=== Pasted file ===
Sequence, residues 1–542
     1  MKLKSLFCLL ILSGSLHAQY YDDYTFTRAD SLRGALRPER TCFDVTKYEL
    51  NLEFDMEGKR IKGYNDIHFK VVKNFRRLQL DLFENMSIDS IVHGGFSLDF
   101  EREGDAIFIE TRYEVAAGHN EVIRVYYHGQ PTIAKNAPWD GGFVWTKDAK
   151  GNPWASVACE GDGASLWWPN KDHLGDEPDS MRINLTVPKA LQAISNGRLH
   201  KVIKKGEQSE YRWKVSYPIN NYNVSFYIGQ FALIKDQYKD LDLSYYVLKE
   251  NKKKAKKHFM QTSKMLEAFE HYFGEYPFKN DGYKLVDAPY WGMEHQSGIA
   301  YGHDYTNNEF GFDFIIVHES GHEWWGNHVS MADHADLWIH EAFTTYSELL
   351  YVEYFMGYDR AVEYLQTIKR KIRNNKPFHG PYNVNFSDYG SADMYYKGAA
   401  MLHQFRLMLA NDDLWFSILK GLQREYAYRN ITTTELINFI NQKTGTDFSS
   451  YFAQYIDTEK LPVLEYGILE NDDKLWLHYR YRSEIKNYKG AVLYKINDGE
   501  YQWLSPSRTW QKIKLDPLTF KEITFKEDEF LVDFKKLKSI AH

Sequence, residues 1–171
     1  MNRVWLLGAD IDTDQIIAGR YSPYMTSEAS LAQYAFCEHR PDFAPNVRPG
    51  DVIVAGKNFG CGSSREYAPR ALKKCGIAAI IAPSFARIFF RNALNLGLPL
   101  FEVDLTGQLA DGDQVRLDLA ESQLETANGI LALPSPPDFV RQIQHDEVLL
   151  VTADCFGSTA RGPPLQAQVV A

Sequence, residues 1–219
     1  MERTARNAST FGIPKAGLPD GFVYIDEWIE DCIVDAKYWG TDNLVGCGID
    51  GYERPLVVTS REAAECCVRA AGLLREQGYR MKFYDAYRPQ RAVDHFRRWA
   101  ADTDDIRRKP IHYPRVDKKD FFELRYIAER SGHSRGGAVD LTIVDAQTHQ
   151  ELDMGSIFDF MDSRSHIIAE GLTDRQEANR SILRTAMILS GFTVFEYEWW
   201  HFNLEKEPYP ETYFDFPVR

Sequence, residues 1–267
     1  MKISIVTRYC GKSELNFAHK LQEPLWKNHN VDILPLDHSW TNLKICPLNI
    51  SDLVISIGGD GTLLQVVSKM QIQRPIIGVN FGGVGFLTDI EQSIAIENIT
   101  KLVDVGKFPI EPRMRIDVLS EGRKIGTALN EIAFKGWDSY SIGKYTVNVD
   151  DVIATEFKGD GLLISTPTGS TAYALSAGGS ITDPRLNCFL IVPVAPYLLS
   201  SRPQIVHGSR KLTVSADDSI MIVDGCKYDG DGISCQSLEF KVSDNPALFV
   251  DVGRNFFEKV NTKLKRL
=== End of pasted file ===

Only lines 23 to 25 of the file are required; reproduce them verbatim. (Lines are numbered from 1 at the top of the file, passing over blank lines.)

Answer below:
   201  HFNLEKEPYP ETYFDFPVR

Sequence, residues 1–267
     1  MKISIVTRYC GKSELNFAHK LQEPLWKNHN VDILPLDHSW TNLKICPLNI